written by: Jean Scheid
• edited by: Linda Richter
• updated: 7/17/2013
Ready to put the 5S Methodology to work on your next project? If so, to ensure success, how can you document 5S projects? What tools should be used to sustain, evaluate, and audit your 5S project? Jean Scheid offers some tips on 5S tools.
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What Is It?
According to Dr. Chao-Hsien Chu at Pennsylvania State University, who has created the 5S Home Page, the 5S Methodology is best explained as a housekeeping type of process that eliminates waste through 5 elements based on 5 Japanese words:
Seiton (Set in Order)
You can access Dr. Chu's home page here. Through the use of these housekeeping processes, projects are successful because project tools are sorted and set in order and readily available when needed, the workspace is kept clean on a continual basis, especially as soon as tasks are complete, and everyone on the 5S team follows the outlined rules set by the 5S manager.
Well, this simplistic idea has worked for Toyota Motor Company for years; what about using the methodology on non-assembly line projects, and what are the best ways on how to document 5S projects?
According to Sridhar, some project managers should first look at implementing 5S in stages. For example, teams would be trained in Sort, before moving on to Set in Order and so on. The principle here is before you can document and sustain your 5S project, the entire organization and teams have to understand the processes fully.
Yet somehow, even if your team understands the 5S Methodology, you have to be able to evaluate it, analyze it, and audit it, so what tools should you use?
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The Tools You Need
In 5S, there are many forms and tools that are used, including red-tags, labeling, color-coding for ease of use in inventory, bins, must-do signs, and safety warnings. For projects, however, these tools must be converted into tools that will work for the entire team. Here are some good examples of the tools you should implement in your 5S projects:
Change Control – Initially, you’ll need a good change control plan and learn how to deal with change resistance, especially when switching to a methodology this rigid.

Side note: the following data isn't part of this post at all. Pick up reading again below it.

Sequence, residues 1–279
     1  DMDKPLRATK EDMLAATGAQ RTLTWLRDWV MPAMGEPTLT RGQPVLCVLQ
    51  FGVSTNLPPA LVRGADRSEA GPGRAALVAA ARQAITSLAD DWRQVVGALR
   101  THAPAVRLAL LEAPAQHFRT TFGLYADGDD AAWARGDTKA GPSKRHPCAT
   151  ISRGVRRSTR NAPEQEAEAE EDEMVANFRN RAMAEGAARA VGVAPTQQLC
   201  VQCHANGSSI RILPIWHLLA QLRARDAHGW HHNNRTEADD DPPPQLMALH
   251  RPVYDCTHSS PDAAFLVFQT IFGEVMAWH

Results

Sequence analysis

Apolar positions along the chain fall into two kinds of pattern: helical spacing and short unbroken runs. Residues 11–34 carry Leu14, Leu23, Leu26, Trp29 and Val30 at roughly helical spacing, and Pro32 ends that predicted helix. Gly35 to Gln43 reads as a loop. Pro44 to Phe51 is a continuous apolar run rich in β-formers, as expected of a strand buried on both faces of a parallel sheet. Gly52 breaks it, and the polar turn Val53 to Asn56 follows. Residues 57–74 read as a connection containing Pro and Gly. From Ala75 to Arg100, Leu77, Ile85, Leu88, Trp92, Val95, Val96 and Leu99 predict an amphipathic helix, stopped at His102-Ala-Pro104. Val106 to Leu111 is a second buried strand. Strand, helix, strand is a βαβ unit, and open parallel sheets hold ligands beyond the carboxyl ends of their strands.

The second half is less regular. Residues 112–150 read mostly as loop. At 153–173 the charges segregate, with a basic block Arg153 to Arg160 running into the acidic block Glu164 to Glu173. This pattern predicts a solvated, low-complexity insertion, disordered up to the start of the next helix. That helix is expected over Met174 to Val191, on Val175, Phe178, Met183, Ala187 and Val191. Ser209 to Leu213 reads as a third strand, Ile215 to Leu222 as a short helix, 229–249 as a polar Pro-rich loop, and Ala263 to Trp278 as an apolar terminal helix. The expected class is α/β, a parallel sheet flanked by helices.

Meetings – Because every team member in 5S is allowed to offer suggestions, it’s essential that you hold regular meetings and identify areas that need to be improved upon.
Kaizen Tools – They are great for evaluating your 5S project and include PDCA or Plan, Do, Check, and Act. With the PDCA method, you can quickly identify areas that need improvement and then immediately act upon them.
Step Processes – Each one of the 5S processes should be written and detailed and made available to all team members working on the project.
System & Space Evaluation – Before implementing 5S into your projects, you need to evaluate your systems and workspace environments. Are the systems you utilize in order? Are workspace areas in places where collaborative teams have access to one another? Do you have a centralized place where team members can obtain various tools without delays?
With project managers looking for lean ways to manage projects, you can convert this methodology and utilize it in your projects. The toughest part of 5S is getting the entire organization or team to accept it and run with it.
The 5S for the Office User’s Guide is available from Amazon and includes tips, worksheets, and forms on how to implement 5S in almost any department or environment as well as how to document 5S projects.